Simon Mediation - Dan Simon, M.A., J.D.

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Dan Simon, M.A., J.D.

The Potential of Transformative Mediation

In the below video, here’s what I say about the potential of transformative mediation:

When we hear somebody saying. . . calling the other person a “filthy, dirty, rotten, bad person,” we’re right there supporting the conversation by saying, “Ah, so you’re saying that this other person is a filthy, rotten, bad person”. We believe in this model that just simply by reflecting what the party has said without any spin on it, without sugar coating it, that person is given another opportunity to do whatever they want to do with that statement. They may want to embellish it, amplify it, make it harsher. They may want to take it back and say “Okay, they’re not a completely rotten person. I’m just saying they treated me rottenly this one time.” They may clarify it.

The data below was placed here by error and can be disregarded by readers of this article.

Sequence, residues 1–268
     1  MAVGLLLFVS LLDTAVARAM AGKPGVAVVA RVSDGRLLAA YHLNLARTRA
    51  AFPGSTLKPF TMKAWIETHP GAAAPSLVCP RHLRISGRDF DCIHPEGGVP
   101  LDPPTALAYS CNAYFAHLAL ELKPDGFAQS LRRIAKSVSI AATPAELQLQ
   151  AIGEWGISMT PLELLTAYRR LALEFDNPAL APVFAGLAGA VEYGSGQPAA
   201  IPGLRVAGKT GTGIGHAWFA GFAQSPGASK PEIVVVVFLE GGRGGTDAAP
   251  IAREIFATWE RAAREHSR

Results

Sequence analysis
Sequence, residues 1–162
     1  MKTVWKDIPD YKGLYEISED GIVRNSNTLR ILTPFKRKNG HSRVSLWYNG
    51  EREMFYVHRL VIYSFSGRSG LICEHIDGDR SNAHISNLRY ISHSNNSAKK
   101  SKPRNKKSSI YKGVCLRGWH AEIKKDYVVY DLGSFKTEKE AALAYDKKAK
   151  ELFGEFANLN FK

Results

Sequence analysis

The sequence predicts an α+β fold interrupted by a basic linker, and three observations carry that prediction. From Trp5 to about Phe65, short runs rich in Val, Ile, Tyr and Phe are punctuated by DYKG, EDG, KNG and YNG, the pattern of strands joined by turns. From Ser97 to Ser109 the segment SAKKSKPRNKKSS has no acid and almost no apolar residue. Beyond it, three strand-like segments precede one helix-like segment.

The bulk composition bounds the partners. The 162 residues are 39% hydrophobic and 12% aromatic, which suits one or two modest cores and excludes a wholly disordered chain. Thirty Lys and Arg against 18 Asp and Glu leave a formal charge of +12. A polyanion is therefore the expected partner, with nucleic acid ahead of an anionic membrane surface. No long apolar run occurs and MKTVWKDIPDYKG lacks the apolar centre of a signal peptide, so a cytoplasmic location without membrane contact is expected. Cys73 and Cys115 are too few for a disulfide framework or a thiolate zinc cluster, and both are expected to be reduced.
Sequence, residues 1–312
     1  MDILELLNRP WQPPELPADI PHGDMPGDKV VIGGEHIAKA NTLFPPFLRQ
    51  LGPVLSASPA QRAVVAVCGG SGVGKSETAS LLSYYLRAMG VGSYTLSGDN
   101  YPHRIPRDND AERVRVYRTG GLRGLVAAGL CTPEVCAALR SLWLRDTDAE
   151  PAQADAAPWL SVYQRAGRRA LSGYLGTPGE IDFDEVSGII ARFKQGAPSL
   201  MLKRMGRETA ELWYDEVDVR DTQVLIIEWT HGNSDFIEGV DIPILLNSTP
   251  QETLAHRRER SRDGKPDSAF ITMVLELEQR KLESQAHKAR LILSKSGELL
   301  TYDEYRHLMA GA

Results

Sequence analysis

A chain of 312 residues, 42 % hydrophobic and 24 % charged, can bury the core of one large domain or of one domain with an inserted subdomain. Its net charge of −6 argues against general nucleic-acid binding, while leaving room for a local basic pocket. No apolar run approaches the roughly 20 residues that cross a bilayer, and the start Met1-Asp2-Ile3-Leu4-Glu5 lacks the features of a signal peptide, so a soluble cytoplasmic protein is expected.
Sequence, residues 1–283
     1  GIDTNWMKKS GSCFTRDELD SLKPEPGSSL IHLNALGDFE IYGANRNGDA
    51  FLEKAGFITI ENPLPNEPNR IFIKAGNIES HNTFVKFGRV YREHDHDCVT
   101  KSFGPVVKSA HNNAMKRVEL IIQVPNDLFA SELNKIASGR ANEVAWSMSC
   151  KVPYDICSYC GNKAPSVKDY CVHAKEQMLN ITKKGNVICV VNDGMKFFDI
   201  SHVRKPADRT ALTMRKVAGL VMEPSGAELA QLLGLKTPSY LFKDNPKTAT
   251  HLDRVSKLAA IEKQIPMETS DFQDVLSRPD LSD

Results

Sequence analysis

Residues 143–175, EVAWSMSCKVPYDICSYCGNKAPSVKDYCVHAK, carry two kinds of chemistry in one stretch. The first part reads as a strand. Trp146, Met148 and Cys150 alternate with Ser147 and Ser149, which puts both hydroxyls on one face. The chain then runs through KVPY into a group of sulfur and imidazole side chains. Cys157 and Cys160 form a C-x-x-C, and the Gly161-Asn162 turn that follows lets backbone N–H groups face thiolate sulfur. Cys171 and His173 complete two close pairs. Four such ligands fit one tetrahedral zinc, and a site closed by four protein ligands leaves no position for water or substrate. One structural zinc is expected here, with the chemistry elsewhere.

What we’re doing is supporting their natural tendency to want to shift toward greater strength and compassion. We who do this work really get to see it happen in beautiful ways. We see people surprisingly quickly and easily get to a better place. We also see that the stuff they say in the worst moments of the conflict, that stuff is never the whole story. There’s always more to it. In fact, in the divorce world it’s well understood that the most difficult divorces come from a situation where, at least one party is feeling heartbroken and betrayed and hurt that they’re losing this person who they’re still in love with. That’s an obvious case where the harshest words are really attached to some deep connection and so the potential is there, if you support people in saying what they need to say, for them to get their own clarity and get to a better place with it.